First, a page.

It was that Chuck thinks, “Don’t I get credit for wanting to do the good thing?” And I’ve been guilty of that a lot. Chuck doesn’t understand that you need to actually follow through and do the good thing. He doesn’t do the freaking work. He has also fallen into a rut where he believes, “I can come up with a spectacular excuse after the fact so I’m already giving myself permission to screw this up.” It was interesting to find the energy of that guy – how do you get out of bed every morning if that’s your life?
Q. How did you find your way into this guy?
There have been moments where I’ve done things, not on that level of course, but sometimes you need self-delusion in order to exist. But as a parent, I thought about if you really screwed things up with your child — which to me would be such a nightmare — what is the emotional journey you would go on. And Chuck doesn’t have the tools to deal with it so there’s something quixotic about that need and that goal. That was really fun to play.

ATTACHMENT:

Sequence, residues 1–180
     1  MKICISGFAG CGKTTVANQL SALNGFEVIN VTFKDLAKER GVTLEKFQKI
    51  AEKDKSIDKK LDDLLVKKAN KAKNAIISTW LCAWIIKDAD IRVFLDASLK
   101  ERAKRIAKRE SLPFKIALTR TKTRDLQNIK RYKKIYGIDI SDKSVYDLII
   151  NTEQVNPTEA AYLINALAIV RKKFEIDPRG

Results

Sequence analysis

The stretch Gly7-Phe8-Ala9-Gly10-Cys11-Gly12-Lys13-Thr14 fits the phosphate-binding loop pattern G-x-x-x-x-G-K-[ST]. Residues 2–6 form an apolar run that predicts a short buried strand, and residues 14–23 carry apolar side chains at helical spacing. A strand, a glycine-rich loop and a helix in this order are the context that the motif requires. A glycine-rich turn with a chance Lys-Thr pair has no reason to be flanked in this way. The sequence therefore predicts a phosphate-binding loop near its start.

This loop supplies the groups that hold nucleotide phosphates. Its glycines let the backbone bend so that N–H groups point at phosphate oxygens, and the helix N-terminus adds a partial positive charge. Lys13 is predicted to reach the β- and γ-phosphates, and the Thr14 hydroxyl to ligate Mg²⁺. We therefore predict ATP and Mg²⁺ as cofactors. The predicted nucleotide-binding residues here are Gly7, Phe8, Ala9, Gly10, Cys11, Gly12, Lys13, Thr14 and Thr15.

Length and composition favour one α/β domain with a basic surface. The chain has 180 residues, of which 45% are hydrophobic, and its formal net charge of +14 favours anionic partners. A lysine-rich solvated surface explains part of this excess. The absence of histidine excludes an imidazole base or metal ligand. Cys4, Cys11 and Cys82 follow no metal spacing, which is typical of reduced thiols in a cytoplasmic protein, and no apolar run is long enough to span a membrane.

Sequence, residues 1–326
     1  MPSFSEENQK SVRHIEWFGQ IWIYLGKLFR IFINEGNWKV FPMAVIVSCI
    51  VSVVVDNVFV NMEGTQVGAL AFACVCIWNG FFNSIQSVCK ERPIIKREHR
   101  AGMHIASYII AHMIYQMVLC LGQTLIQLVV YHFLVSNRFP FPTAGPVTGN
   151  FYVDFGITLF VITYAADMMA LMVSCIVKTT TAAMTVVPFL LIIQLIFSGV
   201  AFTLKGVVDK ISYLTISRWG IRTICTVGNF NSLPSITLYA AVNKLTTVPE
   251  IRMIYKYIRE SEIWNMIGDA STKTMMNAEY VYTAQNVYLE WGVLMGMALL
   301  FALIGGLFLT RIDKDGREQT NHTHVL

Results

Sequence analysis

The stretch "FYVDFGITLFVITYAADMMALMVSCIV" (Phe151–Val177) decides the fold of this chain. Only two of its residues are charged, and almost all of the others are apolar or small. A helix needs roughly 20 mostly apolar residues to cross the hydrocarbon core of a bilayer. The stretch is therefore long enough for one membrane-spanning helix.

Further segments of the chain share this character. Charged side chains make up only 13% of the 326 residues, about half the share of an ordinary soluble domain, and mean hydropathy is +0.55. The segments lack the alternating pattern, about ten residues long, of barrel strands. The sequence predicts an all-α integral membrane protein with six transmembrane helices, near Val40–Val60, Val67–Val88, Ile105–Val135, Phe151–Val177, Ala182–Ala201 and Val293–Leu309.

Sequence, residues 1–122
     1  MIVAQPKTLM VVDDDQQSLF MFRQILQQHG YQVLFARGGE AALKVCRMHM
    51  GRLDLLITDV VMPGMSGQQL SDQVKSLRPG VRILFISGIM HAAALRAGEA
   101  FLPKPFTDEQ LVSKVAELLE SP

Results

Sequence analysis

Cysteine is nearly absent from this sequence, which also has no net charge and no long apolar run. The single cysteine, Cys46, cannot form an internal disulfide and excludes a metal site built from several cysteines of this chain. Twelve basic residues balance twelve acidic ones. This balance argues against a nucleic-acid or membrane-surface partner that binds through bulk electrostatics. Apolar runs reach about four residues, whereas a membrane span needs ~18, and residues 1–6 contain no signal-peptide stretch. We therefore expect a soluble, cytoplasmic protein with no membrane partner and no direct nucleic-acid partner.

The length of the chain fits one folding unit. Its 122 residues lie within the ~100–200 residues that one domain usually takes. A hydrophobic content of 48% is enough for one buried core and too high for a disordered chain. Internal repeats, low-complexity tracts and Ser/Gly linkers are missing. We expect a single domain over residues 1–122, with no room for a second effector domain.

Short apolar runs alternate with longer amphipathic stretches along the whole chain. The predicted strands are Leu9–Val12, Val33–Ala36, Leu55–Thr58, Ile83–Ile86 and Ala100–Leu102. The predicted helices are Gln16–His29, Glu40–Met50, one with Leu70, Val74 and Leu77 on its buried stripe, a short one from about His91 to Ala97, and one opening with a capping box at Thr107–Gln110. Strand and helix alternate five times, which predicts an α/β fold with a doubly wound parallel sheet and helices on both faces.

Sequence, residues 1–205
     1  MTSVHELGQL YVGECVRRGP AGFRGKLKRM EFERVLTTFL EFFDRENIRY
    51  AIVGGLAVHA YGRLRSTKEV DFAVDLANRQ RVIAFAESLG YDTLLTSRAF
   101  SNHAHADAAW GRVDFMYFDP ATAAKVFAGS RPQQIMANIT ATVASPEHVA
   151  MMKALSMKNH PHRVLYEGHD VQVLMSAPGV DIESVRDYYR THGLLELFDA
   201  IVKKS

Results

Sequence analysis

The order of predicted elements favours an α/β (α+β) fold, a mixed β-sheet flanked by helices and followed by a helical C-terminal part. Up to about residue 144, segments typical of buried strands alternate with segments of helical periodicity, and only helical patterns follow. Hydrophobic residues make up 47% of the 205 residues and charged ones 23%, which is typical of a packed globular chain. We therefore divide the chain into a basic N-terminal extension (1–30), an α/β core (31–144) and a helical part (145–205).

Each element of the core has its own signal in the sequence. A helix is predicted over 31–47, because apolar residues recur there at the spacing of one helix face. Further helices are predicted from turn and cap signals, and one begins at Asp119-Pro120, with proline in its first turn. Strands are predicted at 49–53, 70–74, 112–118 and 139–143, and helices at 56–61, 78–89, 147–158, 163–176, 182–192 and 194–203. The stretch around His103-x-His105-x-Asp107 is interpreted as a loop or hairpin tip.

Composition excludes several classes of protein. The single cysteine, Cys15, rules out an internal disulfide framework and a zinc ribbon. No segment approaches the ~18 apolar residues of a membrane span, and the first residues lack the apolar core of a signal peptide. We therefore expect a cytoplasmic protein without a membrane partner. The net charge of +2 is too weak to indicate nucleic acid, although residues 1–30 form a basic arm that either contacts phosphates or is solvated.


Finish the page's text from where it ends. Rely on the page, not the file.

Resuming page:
Q. You’re often acting in isolation, with your phone or laptop. Was that challenging?
It’s part of this guy’s M.O. that he is dealing in deceit and fantasy, so he gets into the rhythm of that. And I’m not saying I reached this level but there have been amazing scenes in films where people are interacting with machinery or screens — I instantly think of Robert Redford on the phone in “All the Presidents Men.” There’s an incredible scene at the beginning of “The Vast of Night” with the operator working the phones and scenes in “Margin Call” where they’re looking at screens but it’s such amazing acting as you realize the numbers on the screen are spelling out the end of the world for them. One of my favorites is Clint Howard in “Apollo 13,” when he looks at the screen and realizes something really is wrong.
Q. It’s a funny movie but you also have serious scenes, exploring your character’s many failings. You recently played Richard Nixon’s advisor Chuck Colson in “Gaslit” too. Are you seeking these more complex human characters?